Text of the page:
Numerous observational studies have highlighted structural inequalities in COVID-19 mortality in the UK. Such studies often fail to consider the hierarchical, spatial nature of such inequalities in their analysis, leading to the potential for bias and an inability to reach conclusions about the most appropriate structural levels for policy intervention.
We use publicly available population data on COVID-19-related mortality and all-cause mortality between March and July 2020 in England and Wales to investigate the spatial scale of such inequalities. We propose a multiscale approach to simultaneously consider three spatial scales at which processes driving inequality may act and apportion inequality between these.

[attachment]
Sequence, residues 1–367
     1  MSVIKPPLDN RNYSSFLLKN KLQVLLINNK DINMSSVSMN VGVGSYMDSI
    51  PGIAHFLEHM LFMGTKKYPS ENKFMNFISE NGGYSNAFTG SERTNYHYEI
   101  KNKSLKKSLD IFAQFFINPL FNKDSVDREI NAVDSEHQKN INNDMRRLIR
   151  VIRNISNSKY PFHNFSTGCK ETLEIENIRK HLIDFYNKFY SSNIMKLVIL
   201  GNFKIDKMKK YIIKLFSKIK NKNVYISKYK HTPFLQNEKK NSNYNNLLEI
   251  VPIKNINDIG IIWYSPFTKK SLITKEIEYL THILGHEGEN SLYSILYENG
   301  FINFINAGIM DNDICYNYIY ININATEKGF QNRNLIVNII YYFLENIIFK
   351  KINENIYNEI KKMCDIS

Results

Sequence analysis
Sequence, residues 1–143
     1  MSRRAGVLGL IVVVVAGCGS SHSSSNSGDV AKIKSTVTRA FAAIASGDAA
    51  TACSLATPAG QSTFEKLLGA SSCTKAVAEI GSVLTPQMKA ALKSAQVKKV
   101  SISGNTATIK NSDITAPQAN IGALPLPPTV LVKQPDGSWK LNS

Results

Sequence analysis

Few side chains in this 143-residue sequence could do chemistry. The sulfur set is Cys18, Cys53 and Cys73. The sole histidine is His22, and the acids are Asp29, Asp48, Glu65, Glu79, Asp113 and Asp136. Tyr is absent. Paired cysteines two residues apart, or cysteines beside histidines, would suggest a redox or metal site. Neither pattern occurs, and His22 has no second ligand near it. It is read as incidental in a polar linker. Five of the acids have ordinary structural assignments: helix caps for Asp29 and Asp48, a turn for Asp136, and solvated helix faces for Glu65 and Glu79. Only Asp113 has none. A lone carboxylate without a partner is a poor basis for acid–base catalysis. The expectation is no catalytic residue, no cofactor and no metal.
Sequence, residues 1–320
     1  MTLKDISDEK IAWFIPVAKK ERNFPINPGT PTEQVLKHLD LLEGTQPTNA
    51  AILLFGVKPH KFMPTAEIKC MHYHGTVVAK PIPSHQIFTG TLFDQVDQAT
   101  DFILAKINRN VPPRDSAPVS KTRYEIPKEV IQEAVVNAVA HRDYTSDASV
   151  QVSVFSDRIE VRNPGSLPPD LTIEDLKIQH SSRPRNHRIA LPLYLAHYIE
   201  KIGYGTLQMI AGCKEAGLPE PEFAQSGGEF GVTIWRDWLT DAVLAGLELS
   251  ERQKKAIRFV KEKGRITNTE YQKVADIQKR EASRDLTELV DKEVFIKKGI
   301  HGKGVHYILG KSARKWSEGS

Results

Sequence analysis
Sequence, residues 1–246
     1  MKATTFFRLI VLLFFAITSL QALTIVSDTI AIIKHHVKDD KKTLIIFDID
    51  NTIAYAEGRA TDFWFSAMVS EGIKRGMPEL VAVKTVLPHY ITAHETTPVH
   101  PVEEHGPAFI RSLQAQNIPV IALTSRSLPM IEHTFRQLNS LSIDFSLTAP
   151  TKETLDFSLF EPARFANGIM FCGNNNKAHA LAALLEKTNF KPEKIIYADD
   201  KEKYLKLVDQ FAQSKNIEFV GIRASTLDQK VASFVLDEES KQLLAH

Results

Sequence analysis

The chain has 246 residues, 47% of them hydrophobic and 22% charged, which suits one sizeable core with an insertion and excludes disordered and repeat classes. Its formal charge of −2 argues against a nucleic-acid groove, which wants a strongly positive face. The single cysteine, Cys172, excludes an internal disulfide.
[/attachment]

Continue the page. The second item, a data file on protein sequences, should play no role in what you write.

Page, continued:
Adjusting for population age structure and number of local care homes we find highest regional inequality in March and June/July. We find finer grained within region inequality increased steadily from March until July. The importance of spatial context increases over the study period. No analogous pattern is visible for non-COVID-19 mortality. Higher relative deprivation is associated with increased COVID-19 mortality at all stages of the pandemic but does not explain structural inequalities.
Results support initial stochastic viral introduction in the South, with initially high inequality decreasing before the establishment of regional trends by June and July, prior to reported regionality of the ‘second-wave’. We outline how this framework can help identify structural factors driving such processes, and offer suggestions for a long-term, locally targeted model of pandemic relief in tandem with regional support to buffer the social context of the area.